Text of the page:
But hey, I think they've almost hit the right spot with Mass Effect 3's multiplayer, so there's that...

Posted:A year ago

#30

Jeremy Eden Co-Founder, JForce Games

4 2 0.5
@Samuel: Making a low quality game isn't an abusive/exploitative tactic.

Edited 1 times. Last edit by Jeremy Eden on 1st March 2013 9:05pm

Posted:A year ago

#31

Jason Alexander QA - Senior Tester, Blizzard Entertainment

20 15 0.8
My issue is the Free to Play name its not free...I got introduced to this a long time ago by some company at a convention. They were like it's free to play. I said how are you paying for your servers. She explain the whole "game" to me.
It a great business model "LoL" has done it right but micro-transactions and F2P are two different things.

Posted:A year ago

#32

Samuel Verner Game Designer

131 243 1.9
@Eric Pallavicini you need game mechanics to back up a f2p game. these are additional mechanics. none of them are needed for the game on its own. they are designed to make the microtransactions possible, not to create a better game experience and they are doing the opposit. they are lowering the game experience. thats the point. you have to sacrifice quallity to get the f2p model into it. and the more you try to milk your customers, the worst the game experience become. the best quallity is only achievable if you don't use a f2p monetization. so no matter what you do, f2p means a lower quallity of the game in the end. and in a addition to the design point of view you can add the production side: the usual "rollout" or "softlaunch" of these games means publishing games in a unfinished, feature incomplete state.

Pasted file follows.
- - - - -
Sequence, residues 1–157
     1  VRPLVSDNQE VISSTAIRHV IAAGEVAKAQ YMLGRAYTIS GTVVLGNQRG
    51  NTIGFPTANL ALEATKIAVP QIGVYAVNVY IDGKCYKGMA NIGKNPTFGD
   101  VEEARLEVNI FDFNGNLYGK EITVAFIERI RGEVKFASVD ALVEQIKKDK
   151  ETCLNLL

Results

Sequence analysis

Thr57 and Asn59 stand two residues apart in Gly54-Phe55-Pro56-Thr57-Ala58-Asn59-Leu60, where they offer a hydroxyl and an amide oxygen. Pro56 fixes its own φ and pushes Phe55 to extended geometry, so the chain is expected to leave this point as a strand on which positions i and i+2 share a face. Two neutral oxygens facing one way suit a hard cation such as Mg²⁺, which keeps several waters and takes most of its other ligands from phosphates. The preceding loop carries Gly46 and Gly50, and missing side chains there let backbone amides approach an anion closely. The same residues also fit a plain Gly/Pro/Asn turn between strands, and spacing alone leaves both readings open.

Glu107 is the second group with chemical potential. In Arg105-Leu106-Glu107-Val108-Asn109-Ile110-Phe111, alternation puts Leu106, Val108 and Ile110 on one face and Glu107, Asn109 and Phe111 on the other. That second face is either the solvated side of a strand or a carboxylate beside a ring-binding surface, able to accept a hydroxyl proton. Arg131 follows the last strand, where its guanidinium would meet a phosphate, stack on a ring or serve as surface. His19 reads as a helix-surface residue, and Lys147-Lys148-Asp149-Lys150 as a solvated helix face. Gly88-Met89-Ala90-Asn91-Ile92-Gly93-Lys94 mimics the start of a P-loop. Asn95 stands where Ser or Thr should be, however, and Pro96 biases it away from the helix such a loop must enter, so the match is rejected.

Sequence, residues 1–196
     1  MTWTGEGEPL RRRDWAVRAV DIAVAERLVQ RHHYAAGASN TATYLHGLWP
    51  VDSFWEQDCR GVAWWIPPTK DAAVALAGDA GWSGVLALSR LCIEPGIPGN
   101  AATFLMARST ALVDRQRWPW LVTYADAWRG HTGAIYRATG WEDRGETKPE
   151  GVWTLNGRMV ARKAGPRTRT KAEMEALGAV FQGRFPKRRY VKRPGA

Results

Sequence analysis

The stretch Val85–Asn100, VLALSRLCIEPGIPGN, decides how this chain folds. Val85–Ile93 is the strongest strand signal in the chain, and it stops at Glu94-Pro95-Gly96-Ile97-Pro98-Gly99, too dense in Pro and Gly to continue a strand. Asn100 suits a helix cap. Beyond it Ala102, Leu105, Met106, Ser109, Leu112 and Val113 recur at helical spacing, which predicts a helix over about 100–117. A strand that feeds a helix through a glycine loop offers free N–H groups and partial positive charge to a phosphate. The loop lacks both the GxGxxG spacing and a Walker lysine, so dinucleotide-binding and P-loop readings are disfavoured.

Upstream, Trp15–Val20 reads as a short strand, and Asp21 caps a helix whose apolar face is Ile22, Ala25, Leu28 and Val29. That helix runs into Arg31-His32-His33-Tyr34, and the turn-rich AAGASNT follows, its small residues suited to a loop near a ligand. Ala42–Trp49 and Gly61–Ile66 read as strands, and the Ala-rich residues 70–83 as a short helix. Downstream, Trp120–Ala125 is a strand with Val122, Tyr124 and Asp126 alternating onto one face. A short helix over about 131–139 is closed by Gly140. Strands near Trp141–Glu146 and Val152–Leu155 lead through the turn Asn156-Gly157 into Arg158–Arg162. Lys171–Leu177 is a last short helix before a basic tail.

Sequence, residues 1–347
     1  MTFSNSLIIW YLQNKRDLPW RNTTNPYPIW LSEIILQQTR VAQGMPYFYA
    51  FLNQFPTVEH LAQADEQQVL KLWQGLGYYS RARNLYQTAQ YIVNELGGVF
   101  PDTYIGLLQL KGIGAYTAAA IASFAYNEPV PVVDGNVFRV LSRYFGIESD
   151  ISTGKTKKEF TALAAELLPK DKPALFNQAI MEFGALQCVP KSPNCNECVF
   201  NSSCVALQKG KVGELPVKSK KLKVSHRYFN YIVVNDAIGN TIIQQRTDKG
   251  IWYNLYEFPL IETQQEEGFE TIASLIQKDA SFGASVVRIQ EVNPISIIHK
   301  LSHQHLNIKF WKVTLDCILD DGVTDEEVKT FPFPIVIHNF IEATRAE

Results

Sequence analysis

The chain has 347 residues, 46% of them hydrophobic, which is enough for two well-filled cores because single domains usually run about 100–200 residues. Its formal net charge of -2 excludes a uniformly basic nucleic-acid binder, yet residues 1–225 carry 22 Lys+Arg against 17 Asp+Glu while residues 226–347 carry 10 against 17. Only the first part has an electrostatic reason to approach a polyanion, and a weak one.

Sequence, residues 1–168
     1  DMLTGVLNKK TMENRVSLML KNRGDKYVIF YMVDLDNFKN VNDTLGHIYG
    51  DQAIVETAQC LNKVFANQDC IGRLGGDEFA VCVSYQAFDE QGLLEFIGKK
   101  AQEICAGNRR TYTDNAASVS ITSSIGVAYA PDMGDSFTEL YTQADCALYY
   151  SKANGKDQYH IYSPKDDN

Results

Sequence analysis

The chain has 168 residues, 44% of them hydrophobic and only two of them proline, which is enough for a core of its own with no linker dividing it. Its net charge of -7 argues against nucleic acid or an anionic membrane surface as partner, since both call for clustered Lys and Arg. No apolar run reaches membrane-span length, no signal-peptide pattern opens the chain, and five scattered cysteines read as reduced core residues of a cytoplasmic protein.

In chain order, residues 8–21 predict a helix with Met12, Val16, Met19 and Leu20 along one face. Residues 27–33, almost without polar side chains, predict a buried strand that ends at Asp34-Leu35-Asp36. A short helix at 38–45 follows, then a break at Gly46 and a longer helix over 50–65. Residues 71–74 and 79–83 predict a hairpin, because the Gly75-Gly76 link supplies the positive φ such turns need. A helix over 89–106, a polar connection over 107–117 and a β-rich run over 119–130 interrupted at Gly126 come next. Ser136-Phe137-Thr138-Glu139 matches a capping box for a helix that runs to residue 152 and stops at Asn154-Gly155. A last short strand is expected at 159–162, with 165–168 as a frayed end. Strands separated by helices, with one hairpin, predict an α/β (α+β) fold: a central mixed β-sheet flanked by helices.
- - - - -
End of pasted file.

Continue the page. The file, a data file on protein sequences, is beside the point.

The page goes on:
or with other words: f2p games are the worst you can get.


@Jeremy Eden no? lowering the bar and establishing low quallity as a bussiness modell is not abusive/exploitative enough for you? ok, take a look on the usual facebook game. then you know where the path is leading to. these games are no games anymore, but monetization plattforms. thats where this thing is heading to. and this IS lowering the game experience. people who cannot see that, are typical no gamers and coming more from the sales and marketing end.

Edited 4 times. Last edit by Samuel Verner on 1st March 2013 10:05pm

Posted:A year ago

#33

Eric Pallavicini Game Master, Kabam

331 229 0.7
@Samuel
you need game mechanics to back up a f2p game. these are additional mechanics.
Which I personally see as much opportunities for a game designer to add extra features. It is up for the game experience designer to be innovative and make the most of it by improving the game experience at the same time as monetization opportunities.
you need game mechanics to back up a f2p game. these are additional mechanics.
I disagree on that.

Let me take, again, the currently most two succesful F2P games in Europe as an example which I not only studied as a professional but that I also played since many many months as a purely non-paying user whilst still enjoying them in full.